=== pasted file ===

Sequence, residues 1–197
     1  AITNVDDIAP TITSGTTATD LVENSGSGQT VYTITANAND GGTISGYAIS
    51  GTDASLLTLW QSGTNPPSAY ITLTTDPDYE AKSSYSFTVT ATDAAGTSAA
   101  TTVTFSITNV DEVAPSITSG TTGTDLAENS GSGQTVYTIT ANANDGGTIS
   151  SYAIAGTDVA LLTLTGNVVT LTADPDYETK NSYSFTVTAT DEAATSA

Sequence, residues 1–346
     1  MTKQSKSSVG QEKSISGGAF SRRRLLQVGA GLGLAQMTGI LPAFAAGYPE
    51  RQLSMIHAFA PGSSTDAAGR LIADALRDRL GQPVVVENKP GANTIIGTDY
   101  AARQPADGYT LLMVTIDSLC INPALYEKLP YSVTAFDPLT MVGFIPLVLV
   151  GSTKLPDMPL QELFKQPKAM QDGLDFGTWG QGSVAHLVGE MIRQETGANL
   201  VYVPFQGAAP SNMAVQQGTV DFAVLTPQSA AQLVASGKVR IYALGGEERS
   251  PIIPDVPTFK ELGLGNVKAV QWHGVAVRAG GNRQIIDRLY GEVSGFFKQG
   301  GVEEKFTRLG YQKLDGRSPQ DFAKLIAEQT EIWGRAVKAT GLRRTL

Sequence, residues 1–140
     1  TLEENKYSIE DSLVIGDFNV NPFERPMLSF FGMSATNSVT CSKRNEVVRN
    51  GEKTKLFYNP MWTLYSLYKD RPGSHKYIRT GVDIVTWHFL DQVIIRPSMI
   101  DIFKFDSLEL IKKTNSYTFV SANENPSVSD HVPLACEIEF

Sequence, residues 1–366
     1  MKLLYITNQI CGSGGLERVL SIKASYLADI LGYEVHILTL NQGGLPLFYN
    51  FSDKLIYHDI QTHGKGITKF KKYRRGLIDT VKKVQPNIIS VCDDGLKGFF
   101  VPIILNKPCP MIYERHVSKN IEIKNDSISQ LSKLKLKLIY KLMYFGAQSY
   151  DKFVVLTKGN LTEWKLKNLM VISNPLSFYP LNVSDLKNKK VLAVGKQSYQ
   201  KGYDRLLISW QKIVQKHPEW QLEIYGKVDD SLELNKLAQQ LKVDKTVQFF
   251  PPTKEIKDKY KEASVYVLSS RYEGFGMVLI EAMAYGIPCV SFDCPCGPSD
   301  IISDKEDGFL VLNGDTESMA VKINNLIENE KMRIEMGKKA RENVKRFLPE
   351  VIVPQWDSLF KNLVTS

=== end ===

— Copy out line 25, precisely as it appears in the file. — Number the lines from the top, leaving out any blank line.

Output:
   301  IISDKEDGFL VLNGDTESMA VKINNLIENE KMRIEMGKKA RENVKRFLPE